Tonight for homework you will memorize…

This is my last of my guest-blogging posts. Thanks to Joanne Jacobs for inviting me to do this again. And thanks for all the interesting and thoughtful comments.

It would be announced with great fanfare across the land: the seventh-grade sonnet experiment. Across the country, seventh graders who participated in an intensive ten-week course on sonnets would be compared with those who did not. “Research would show” that two years later, the sonnet studiers would be better writers than the control group—that their essays, letters, and other compositions had benefited from the sonnet course.

Then the objections would come rolling in: How can you tell it was the sonnet study that brought about the improvement? Perhaps they were learning good writing over the course of the sonnet study? Perhaps their schools (which participated voluntarily) had an advantage to begin with? Who is to say that the effects would be replicated? Why do we need such a study to justify the memorization of sonnets or any other poems?

Indeed, why should we have to do double backwards somersaults to justify the idea of having students memorize a sonnet? Why isn’t poetry memorization—including sonnet memorization—part of the curriculum in every grade? Why has it become something for the privileged, or for an unusual school or class here and there?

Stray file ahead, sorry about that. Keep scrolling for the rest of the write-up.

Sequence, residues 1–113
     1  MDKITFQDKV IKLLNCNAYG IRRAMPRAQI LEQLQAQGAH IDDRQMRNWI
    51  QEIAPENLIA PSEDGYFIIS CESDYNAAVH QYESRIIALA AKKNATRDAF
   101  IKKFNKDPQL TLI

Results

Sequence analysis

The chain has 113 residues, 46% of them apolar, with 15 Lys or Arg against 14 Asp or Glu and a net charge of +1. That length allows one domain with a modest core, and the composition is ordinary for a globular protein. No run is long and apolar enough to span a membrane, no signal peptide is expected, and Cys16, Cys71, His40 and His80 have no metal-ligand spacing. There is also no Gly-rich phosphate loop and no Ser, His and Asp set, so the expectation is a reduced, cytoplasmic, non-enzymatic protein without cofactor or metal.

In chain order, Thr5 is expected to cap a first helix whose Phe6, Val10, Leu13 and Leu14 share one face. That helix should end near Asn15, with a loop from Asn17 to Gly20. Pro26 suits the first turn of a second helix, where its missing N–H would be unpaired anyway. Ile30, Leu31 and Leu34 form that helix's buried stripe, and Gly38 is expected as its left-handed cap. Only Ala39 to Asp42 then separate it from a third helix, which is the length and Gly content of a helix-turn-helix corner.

There are plenty of good reasons to memorize poems; one does not have to scrounge for them. The most obvious reason for memorization is to have the poem with you always. It is a great thing to tilt and turn in the mind. If you have a long train commute, if you are waiting in a long line, you can recite it silently. In her 2000 introduction to The American Reader, Diane Ravitch writes, “Words that are learned ‘by heart’ become one’s personal treasure, available when needed.” Sometimes a line might come to you by surprise, or you might understand a phrase in a new way. Or it may help you in a difficult time. You can find some pleasure, as Wordsworth says, “Within the Sonnet’s scanty plot of ground.”

When you memorize a sonnet in particular, you know a compact train of thought. The sonnet has room for many shapes of argument, all in the space of fourteen lines. You develop an instinct for the motion, rhythm, and balance of an argument, for the combination of logic and word play. It’s like holding a rubber band and knowing just how far it will stretch. (For more on the logic of sonnets, see Richard Wilbur’s interview in the Atlantic.) [Read more…]

Holding the gate against ideas

“The government wastes hundres of millions of dollars on math and science programs that never seem to improve the test scores of American students,” writes Barbara Oakley in Take This Paradigm and Shove It in Psychology Today. She blames “intellectual gatekeepers” who keep unfashionable ideas from being debated and funded.